I was very happy in the Scorpions but towards the end was writing music that would not fit into their framework. I still wrote songs for the Scorpions but over 50% of what I was writing I didn’t even bring to the table as it wasn’t suitable for them. I was more into the spiritual side of things rather than trying to sell as many albums as possible. Not that there’s anything wrong with that as everyone enjoys success but I didn’t want it at any price, I wanted to be free. Electric Sun was quite successful in its own right but it was infinitely less commercial than the Scorpions.

Did you stay in touch with Klaus and Rudolph throughout the 80s and 90s?

There were never any bad vibes between us but initially everyone went their separate ways. Afterwards we started bumping into each other and it was always great to see them. It’s as if nothing had ever changed. The vibe in the band was always very healthy and we never had any arguments. There were a few artistic disagreements but they were just minor. We chose the songs that were best for the album and we were usually always in agreement.

It’s been a few years since your last album, Under A Dark Sky, which was released in 2008. Do you have any plans to record a follow up?

I have started recording songs for my new album but it takes me a long time to record these days so I don’t really have a release date yet but I hope it’ll be out sometime next year but so far everything is sounding really good so I’m really excited about it.

As well as your performing you have also designed your own guitar which you have called the Sky guitar. Did you initially do this as you felt that there were limitations to the traditional guitar?

I found that there were limitations with the standard electric guitar and it was mainly in terms of range. I wanted to be able to play higher than I could on a traditional guitar and really that’s how the Sky guitar was designed. That was designed 100% to my specific specification. It’s a dream instrument to me. I still love my Stratocaster but don’t think I’ll play it again as the Sky guitar can do everything the Stratocaster can and a lot more besides. For me it would be a step back. To me it’s the best. It’s not everyone’s cup of tea but to me. It’s like a Formula One racing car that has a lot of power and flexibility.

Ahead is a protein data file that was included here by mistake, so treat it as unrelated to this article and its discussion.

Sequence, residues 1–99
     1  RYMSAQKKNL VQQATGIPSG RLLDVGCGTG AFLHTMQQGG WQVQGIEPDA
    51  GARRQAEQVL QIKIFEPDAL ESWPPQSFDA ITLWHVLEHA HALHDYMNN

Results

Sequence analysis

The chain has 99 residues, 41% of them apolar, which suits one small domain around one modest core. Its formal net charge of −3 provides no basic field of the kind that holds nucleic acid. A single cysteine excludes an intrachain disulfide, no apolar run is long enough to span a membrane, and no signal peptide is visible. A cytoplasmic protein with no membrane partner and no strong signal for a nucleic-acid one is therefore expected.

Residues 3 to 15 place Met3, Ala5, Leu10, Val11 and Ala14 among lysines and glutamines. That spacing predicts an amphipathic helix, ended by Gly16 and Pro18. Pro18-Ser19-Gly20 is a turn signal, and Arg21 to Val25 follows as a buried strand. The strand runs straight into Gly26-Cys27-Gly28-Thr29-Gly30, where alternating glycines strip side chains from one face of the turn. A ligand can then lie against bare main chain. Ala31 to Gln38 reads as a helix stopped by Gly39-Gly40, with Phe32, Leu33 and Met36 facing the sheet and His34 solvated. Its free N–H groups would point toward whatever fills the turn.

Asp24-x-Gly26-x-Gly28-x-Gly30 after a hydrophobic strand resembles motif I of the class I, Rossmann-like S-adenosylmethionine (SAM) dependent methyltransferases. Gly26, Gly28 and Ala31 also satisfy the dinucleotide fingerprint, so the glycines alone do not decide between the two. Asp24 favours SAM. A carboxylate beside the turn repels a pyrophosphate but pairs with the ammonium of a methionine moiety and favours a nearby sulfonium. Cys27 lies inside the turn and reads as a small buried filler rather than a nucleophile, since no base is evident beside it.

When your UK shows end on 21st December, is that it for this year?

That’s it for this year and I’ll use the time off for creative purposes and will do some more writing. I enjoy being on tour and being at home being creative.

What about next year. What do you have lined up for 2018?

2018 will be crazy. I’ll be doing the G3 tour with John Petrucci from Dream Theater and Joe Satriani and I’m looking forward to that. We’ll each get to play our own set and then we’ll do some jamming together at the end. I’ve done something similar in 1998 with Joe Satriani and Michael Schenker and enjoyed it very much. Then I have a few months in America doing what I call the Triple Anniversary Programme which includes an entire Electric Sun set and a set of Scorpions songs. Next year I celebrate 3 anniversaries including the 50th anniversary of my first ever show in 1968, then it’s 40 years of Tokyo Tapes and 40 years of recording the first Electric Sun album in the winter of 1978. I’ll also do some anniversary shows in Japan and I’ll also be coming back to the UK for Electric Sun reborn and we will definitely be making a stop in Newcastle.

Uli Jon Roth is on tour in the UK now. See ulijonroth.com for details and tickets.


  • Mick Burgess

    Mick is a reviewer and photographer here at Metal Express Radio, based in the North-East of England. He first fell in love with music after hearing Jeff Wayne's spectacular The War of the Worlds in the cold winter of 1978. Then in the summer of '79 he discovered a copy of Kiss Alive II amongst his sister’s record collection, which literally blew him away! He then quickly found Van Halen I and Rainbow's Down To Earth, and he was well on the way to being rescued from Top 40 radio hell!   Over the ensuing years, he's enjoyed the Classic Rock music of Rush, Blue Oyster Cult, and Deep Purple; the AOR of Journey and Foreigner; the Pomp of Styx and Kansas; the Progressive Metal of Dream Theater, Queensrÿche, and Symphony X; the Goth Metal of Nightwish, Within Temptation, and Epica, and a whole host of other great bands that are too numerous to mention. When he's not listening to music, he watches Sunderland lose more football (soccer) matches than they win, and occasionally, if he has to, he goes to work as a property lawyer.